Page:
Miraflores is well connected to the historical centro of Lima, which can be easily assessible by a free bus (blue coloured, from Kennedy Park). However, both Bryan’s parents and us had just arrived in the city after long journeys so we decided to just explore around Miraflores doing a wide walking loop. We walked down the shop and restaurant lined bouvelard of Larco street down to the upscale Larcomar open air mall on the egde of the cliff overlooking the beach below. The views here are stunning and I was struck by how this corner of Peru is such a different world from our remote riding in the northern highlands and even from the morning entering Lima. However, the views here are stunning and there are restaurants here that appease even the most fear-mongering travel doctor. It is a little piece of luxury but that’s nice every now and then. We walked along the malecon full of strolling locals and tourists to the Love Park where there are all these cute quotes about love built into decorative mosiacs and a huge statue of two lovers.
We continued walking past all of the parasailers leaping off the high cliffs above the ocean to the lighthouse where one has stood since 1900 but the current one since 1973. We then walked back into the center marked by the green Kennedy Park filled with cats. They are not really stray cats but rather public park cats that sleep in the flowerbeds, play stalk each other in the green grass and jump in your lap for a cuddle when you sit on a park bench. There must have been about 30-50 cats in the park and people leave out food and water for them.
From Kennedy Park, we walked along the palm lined Ave Ricardo Palma to the market. It was a bit more tame than some of the markets we’ve been to but has some of the cheapest food restaurants in the area including a set meal for 6 sols at a busy cafe on the main street on the way to the market. It also is the best place in the area to get fruit. We got peaches, bananas, mangos, a custard apple (think pineapple avacado with a hint of pear and the texture of fish flesh…it’s good!) and a pitaya cactus fruit (expensive but a delicious treat).
Variety is the spice of life and it was great to have wild riverside camps with only stars and fireflys to keep us company at night up in the north but it has also been fun to live the city life for a bit here in Miraflores, Lima as well. In the middle of a big city, Miraflores has been friendly, safe and approachable from bike lanes to little cafes to cuddly cats in the park. From our dreary first impressions of the city, I unexpectedly had a really fun time in Lima.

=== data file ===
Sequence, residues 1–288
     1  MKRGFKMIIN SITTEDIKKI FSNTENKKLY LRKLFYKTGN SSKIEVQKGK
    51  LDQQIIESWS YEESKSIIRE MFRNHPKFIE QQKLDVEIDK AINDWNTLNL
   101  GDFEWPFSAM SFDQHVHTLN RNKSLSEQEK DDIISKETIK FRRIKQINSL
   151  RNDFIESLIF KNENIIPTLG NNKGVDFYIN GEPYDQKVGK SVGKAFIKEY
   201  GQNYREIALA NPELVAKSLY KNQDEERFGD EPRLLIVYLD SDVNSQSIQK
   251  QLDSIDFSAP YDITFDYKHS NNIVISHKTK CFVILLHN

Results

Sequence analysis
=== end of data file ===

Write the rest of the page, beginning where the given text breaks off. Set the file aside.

A great base to explore Miraflores was the House Project Hostel (http://www.thehouseproject.pe/).
It is right thick in the middle of everything, just around the corner from “Pizza Street”. True to its name, it is a pedesterian lane lined with pizza restaurant right off from the center Kennedy Park area. The rooms are clean and not fancy but has the simple touches of matching sheets and a towel rolled up on it that gives it a classy style for a hostel. The beds are comfortable and the showers are hot. There was one of the best stocked (in terms of equipment) kitchens I’ve been in, which serves a delicious breakfast of eggs, bread, tea or coffee and fresh fruit juice in the morning. My favorite part was the outdoor living room in the back courtyard with couches, bean-bag chairs and hammocks. It is an “adventure” hostel rather than a party hostel so much more chilled with great people to meet. Pedro, the owner who actually lives in the hostel, was so excited about our trip and hung out with us one evening chatting about everything from things to see in Peru to life in Lima. The only thing that Pedro actually warned us before we arrived is that it can be a little noisy since it is right in the middle of Miraflores and close to bar filled Pizza Street. However, I found it was not as bad as Pedro warned us at all and the most annoying thing was car alarms going off which you would probably find anywhere in the city.